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Guide to first-time car buying

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    Buying your first car is an exciting venture. But for a first-time car buyer, it could be a daunting experience that requires decisions you may never have had to tackle before. And it’s not just about selecting a car. You need to set a budget, find the right car, and most importantly, evaluate your financing options.

    All these could take you into unfamiliar territory. In fact, affording a car is one of the biggest challenges faced by a first-time car buyer.

    First-time car buying programs

    There are several programs in place to make it possible for you to secure a loan. A first-time car buyer program is one such option. These are offered by certain car manufacturers to make their vehicles more accessible to new buyers. These programs can include a first-time car buyer loan or a special incentive such as a rebate.

    Many of these may be available for both new and pre-owned vehicles. And there may be special programs for college students and those who have little or no credit history.

    But keep in mind that each of these programs may have specific requirements for you to qualify. For example, they may expect proof of stable employment, usually at least for one year. The cap on the maximum borrowing amount could also be lower than standard auto loans. And while some may not require a down payment, others might expect a minimum upfront payment.

    College student programs could be available for recent college graduates as well as those who are still enrolled. These programs may also have specific criteria to qualify for financing. For example, these types of programs may expect to see transcripts or a letter from the Registrar of the university or college.

    When you’re shopping for a car it may be beneficial to speak to the dealership about special first-time car buyer programs and check whether you qualify.

    First-time car buying financing: loans and credit

    Lenders may each have different requirements when it comes to loan approval. Some lenders may also have partnerships with certain dealerships and could offer special incentive programs when you purchase from them. Such programs could make the first-time car buying process a little easier. 

    You can also prequalify with many of these lenders. This could help get an idea about your borrowing capacity so you can set realistic budget expectations before you start shopping.

    Also, ensure that you understand any additional fees that could apply to your auto loan. Each lender may have different charges, such as loan processing fees. All these could increase your borrowing costs. The annual percentage rate, better known as the APR, reflects the total cost of credit as an annual rate, including certain fees.  Paying attention to this could provide you a more holistic view of what you’re signing up for and help you compare loans by different lenders more effectively.

    And remember, shopping around for financing options available to you is often just as important as shopping around for cars to ensure you get the best deal for you.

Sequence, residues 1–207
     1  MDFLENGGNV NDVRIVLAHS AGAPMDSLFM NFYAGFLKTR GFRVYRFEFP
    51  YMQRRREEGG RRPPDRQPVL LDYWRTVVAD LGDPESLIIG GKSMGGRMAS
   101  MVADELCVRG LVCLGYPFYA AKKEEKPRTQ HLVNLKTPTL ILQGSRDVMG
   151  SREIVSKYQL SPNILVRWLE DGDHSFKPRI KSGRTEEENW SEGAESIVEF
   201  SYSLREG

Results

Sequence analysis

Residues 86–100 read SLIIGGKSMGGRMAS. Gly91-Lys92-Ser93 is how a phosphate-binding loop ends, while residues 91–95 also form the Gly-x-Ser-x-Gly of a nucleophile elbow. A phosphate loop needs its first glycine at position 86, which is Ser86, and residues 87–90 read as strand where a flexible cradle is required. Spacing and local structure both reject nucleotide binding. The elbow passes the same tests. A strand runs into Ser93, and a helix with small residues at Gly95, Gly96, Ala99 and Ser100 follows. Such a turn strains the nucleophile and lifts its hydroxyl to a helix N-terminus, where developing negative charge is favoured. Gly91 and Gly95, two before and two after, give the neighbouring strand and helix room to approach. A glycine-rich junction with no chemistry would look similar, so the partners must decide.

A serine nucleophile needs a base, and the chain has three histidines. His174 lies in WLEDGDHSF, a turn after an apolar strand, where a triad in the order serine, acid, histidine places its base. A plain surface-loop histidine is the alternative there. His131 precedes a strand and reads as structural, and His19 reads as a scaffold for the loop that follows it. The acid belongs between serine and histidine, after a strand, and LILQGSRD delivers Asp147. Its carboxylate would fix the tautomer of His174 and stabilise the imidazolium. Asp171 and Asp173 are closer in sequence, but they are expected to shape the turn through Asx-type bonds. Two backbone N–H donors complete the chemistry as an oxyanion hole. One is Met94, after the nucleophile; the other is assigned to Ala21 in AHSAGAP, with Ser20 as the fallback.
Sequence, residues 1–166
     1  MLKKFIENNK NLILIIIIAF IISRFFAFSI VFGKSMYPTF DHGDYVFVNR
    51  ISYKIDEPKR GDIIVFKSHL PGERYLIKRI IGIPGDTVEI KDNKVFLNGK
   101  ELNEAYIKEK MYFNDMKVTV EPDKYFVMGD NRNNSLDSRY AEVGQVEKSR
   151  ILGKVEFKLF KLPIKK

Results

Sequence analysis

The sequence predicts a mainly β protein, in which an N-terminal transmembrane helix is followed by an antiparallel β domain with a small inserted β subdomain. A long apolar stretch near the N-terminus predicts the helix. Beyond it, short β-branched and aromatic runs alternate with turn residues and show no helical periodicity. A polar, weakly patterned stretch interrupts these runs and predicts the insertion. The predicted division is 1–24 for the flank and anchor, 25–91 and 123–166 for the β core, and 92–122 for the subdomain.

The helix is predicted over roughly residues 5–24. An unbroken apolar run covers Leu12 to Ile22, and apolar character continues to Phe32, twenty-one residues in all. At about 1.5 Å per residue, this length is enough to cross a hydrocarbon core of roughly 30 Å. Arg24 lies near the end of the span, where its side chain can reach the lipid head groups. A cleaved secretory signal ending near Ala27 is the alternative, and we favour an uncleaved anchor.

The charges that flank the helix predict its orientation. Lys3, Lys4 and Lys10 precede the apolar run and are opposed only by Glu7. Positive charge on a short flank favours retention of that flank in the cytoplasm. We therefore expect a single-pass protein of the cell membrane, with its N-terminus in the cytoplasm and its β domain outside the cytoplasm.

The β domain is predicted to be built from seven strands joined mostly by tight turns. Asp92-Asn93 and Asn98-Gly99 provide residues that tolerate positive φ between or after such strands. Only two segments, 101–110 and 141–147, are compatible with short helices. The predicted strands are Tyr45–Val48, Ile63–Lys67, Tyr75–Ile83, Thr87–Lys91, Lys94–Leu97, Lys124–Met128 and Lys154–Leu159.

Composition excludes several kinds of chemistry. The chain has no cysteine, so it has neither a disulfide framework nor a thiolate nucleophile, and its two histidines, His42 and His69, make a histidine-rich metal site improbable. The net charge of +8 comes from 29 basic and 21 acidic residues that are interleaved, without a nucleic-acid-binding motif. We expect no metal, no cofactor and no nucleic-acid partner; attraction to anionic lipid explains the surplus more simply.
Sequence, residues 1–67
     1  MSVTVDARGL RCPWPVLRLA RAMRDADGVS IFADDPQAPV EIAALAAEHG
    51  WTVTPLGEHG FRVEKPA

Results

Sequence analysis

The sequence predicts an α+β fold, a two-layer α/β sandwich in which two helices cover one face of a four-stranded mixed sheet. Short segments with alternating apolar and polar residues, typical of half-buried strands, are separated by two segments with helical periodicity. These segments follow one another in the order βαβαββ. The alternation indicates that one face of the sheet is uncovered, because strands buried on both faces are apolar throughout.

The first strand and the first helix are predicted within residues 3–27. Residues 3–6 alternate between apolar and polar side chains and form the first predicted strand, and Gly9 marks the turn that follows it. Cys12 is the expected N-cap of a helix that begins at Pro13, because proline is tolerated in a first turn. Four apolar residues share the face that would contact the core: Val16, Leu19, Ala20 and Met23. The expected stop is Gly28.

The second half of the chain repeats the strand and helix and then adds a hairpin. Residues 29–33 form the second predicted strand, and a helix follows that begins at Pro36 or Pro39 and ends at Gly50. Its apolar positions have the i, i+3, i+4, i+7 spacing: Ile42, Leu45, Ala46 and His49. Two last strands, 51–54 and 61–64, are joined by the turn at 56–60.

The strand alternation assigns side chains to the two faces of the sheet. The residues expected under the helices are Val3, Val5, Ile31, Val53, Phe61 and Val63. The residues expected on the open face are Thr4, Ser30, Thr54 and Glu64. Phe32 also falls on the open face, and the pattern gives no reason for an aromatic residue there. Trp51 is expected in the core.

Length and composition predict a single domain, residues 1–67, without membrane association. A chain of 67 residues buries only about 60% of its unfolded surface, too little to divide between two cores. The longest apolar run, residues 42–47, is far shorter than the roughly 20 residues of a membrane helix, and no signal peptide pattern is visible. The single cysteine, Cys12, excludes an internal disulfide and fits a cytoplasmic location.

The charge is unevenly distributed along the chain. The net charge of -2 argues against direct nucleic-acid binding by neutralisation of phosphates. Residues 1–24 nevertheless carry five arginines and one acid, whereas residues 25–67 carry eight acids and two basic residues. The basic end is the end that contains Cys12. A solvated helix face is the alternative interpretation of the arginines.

Improving your chances of securing an auto loan

    Obtaining a loan when you have a poor credit history could certainly be a challenging task for any new car buyer. Here are some steps to help you improve your chances of getting a loan.

    • Consider a co-signer or co-borrower. Check with your lender to see if they allow having a co-signer or co-borrower.  A co-signer or co-borrower with a good credit history may improve your chances of getting a loan approved.
    • Save up. Saving up for a down payment can help you obtain better loan terms and reduce the overall cost of borrowing. Start by setting a budget. You should consider the vehicle’s purchase cost and additional expenses, such as insurance and maintenance. Also, take note of your regular financial commitments, such as living expenses and other bills, when identifying your repayment ability. Then get ready with a savings plan. With Chase Autosave, you can automate monthly transfers from your Chase checking account to your savings account for a savings process that could help achieve your financial goals.
    • Build your credit history. Lenders may check your credit history to assess the likelihood of you repaying a loan. Taking time to build your credit by paying your current obligations on time and minimizing your requests for new credit could have an effect on your ability to secure auto financing. By setting up an account with Chase Credit Journey, you can easily find out your credit standing and track and help protect your credit score completely free of charge.

    Before you purchase a vehicle from a dealership, ask about any additional fees and negotiate the price. If you’re buying a used car, independently verify the vehicle history report, regardless of whether you’re purchasing from a private seller or a dealership. And whatever kind of auto loan you secure, ensure that you meet your repayment commitments.

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